eBay Purchase #12 – Honeywell 101WN AT Keyboard

honeywellkb-1eBay Purchase Price: $20 AUD

Country of Origin: Australia

Condition: Excellent

Lately I haven’t been trawling through eBay until only just a few days ago. When I did this keyboard was found, known as a Honeywell 101WN.

In more recent times of owning 486 and early Pentium PCs, I didn’t find much in the way of keyboards. IBM mechanical keyboards have the reputation as being the best, with ones in excellent condition easily going for $200 or so, sometimes more. Alternatively I took the approach of picking up a couple of new Microsoft PS/2 keyboards, as they were cheaper and easier to find. These would then be plugged into an adapter to convert PS/2 to the old 5-pin DIN connector on the motherboard.

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Setting Up a 386DX with Windows 95 using PCem 12

pcem-386win95Not along after posting about using PCem 11, version 12 was available for downloading literally a few days later. Due to this, I’ll briefly go over the changes before delving into setting up a virtual 386 PC with Windows 95.

Why a 386? Windows 95 required as a minimum a 386DX to run. Back in the day when a 386 was rather common, I’d only see them with 4 or 8 MB of RAM running Windows 3.1. However, in more recent times I did see someone who had a highly-spec’d multimedia 386 build with 64 MB of RAM on YouTube, and the performance of Windows 95 wasn’t that bad considering the hardware involved. This is an attempt to mimic that virtually.

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10 Games Growing Up in the 1990s

As someone born in 1985, much of my pre-teen years were spent playing various games designed for DOS or Windows 95. With little pocket money, most games acquired came in the form of someone else purchasing a used PC and using several floppy disks to copy them, or demonstration versions enclosed with a magazine. Normally it wouldn’t be until Christmas or my birthday that I could go out and purchase a new game, though in hindsight really should have spent the money upgrading the hardware.

Here’s my ten games that I enjoyed and spent a large amount of time playing during the decade in no particular order.

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eBay Purchase #11 – Matrox Mystique 220 PCI Video Card

MatroxMystique220-1eBay Purchase Price: $275.50 AUD

Country of Origin: Australia

Condition: Excellent

Purchased from the same seller as the Creative SBS10 speakers, this was a highly contested item at auction. The desirability of the card was based on a combination of factors, though was a rather uncommon example of finding one with retail box and all. Here I’ve installed the card in one of my 486 PCs.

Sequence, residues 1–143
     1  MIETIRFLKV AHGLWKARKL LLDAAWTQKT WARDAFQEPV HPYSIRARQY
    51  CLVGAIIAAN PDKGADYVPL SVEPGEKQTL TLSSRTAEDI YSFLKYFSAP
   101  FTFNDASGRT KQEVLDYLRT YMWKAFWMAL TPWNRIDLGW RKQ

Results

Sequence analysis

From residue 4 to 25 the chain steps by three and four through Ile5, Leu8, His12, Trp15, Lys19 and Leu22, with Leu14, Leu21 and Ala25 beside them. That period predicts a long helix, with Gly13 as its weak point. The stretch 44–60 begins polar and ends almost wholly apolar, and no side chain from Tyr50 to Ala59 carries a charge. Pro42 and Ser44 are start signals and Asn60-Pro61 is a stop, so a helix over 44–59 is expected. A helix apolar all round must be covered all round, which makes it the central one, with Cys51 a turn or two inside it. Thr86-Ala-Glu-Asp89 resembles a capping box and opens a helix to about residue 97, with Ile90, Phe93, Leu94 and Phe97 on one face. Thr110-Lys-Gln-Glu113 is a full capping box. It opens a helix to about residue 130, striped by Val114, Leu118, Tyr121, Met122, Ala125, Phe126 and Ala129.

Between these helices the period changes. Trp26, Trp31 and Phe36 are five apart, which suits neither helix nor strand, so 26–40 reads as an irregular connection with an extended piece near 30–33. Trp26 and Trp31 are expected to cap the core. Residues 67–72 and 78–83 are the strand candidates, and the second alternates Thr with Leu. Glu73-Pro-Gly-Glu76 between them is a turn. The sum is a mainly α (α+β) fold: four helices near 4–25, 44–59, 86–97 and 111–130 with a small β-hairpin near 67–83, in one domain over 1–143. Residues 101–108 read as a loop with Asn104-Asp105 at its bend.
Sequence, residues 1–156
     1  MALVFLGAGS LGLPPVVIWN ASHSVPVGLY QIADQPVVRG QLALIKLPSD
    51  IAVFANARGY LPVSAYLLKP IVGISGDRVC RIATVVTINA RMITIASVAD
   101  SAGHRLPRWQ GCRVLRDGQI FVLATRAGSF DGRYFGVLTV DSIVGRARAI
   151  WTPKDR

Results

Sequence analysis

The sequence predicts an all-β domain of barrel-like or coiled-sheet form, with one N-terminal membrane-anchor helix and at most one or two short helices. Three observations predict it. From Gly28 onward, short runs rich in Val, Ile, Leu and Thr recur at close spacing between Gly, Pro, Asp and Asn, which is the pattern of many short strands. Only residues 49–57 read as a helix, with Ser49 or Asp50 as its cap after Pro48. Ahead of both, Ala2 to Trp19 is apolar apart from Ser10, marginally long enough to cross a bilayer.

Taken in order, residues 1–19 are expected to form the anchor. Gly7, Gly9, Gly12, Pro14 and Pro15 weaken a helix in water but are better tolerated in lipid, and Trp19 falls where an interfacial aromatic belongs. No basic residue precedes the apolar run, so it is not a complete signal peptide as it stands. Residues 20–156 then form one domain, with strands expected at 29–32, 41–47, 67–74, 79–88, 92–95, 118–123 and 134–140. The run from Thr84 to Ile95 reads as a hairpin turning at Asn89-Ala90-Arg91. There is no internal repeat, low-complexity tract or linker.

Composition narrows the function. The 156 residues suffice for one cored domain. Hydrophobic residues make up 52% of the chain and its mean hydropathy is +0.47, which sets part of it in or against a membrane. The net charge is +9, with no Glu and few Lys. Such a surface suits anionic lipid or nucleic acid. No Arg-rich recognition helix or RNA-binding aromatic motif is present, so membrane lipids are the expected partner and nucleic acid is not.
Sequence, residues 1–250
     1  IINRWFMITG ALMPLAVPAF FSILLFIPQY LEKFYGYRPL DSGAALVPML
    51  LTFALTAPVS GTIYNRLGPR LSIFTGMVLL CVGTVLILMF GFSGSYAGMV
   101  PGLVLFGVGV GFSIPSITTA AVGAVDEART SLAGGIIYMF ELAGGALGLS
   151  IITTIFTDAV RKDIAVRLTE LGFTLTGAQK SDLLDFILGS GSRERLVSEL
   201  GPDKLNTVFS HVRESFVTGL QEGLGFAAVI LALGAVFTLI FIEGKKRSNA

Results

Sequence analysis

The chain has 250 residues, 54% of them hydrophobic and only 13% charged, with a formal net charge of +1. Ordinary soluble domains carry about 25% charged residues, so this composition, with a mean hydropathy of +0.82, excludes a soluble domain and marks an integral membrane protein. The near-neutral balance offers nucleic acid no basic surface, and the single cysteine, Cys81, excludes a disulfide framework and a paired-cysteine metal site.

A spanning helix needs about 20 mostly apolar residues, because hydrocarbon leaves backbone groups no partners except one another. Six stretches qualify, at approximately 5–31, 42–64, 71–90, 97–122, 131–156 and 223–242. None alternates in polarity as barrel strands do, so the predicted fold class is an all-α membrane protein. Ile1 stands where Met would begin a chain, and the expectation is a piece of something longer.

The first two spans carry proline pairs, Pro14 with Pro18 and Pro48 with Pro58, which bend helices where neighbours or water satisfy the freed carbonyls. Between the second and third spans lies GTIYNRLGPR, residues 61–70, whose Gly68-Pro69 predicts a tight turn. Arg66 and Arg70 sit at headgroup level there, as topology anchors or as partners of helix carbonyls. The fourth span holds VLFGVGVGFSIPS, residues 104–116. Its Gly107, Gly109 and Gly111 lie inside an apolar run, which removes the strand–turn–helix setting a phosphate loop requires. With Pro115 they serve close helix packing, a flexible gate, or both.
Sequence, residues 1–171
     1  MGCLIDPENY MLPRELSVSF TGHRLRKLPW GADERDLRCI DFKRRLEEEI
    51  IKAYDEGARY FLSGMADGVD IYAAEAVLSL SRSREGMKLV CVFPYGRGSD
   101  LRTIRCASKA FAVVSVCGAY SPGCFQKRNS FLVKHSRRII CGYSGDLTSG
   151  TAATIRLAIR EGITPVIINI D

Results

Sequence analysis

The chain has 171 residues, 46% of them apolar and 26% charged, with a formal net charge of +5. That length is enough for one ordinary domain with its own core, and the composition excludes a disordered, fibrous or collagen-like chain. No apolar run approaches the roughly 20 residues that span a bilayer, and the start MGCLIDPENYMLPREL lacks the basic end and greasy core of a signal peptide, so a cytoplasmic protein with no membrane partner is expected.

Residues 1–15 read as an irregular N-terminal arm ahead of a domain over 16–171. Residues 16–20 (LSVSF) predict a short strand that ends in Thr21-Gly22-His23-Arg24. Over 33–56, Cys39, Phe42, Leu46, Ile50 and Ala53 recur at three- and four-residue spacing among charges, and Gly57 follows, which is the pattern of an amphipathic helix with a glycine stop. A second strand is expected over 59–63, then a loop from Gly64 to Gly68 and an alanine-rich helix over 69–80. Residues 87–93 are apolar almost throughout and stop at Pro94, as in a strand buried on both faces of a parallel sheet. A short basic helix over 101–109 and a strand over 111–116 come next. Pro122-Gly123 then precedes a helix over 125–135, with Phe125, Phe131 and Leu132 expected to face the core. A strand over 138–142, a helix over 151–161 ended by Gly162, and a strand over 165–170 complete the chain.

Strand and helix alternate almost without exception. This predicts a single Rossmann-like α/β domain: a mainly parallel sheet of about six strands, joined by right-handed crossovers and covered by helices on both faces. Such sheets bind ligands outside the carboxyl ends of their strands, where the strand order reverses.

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eBay Purchase #10 – Creative Sound Blaster SBS10 Speakers

sbs10speaker-1eBay Purchase Price: $20.50 AUD

Country of Origin: Australia

Condition: New Old Stock

After scoring a brand new sound card for my 486 build, a Sound Blaster AWE 64 Gold, it crossed my mind as to the likelihood of finding a PC speaker set of similar vintage. After searching for a while on eBay, the chances looked rather slim. Then out of the blue, these new set of speakers came out of nowhere and fortunately I had won the auction. With the lack of thrift stores compared to North America, finding items such as these makes it all the more challenging.

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Setting Up Microsoft BackOffice 2.0 (Part 1)

boffice2setup-1As shown in an earlier post, eBay Purchase #9 – Microsoft BackOffice Server 2.0, is a suite of server based products to run with Windows NT. This is a rather high-level overview of setting it up, with installing Windows NT 3.51 Server and using Exchange Server 4.0 to be looked at first.

Here I’m using Oracle VirtualBox 5.1.26 on Windows 10. Initially the process is rather straight forward with installing Windows NT, though the BackOffice applications need more tinkering.

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Corsair Carbide 600C ATX Case Review

CorsiarCase-1Lately I’ve been spending some of my spare time on considering my next major desktop PC upgrade.

The combination of having less room at home with a second baby on the way, aging desktops, and enough new standards such as DDR4 and M.2 SSDs, it seemed to be a good time to consolidate and update. While this blog is focussed on earlier computing, it will however be part of the PC I’ll eventually use for further updates here.

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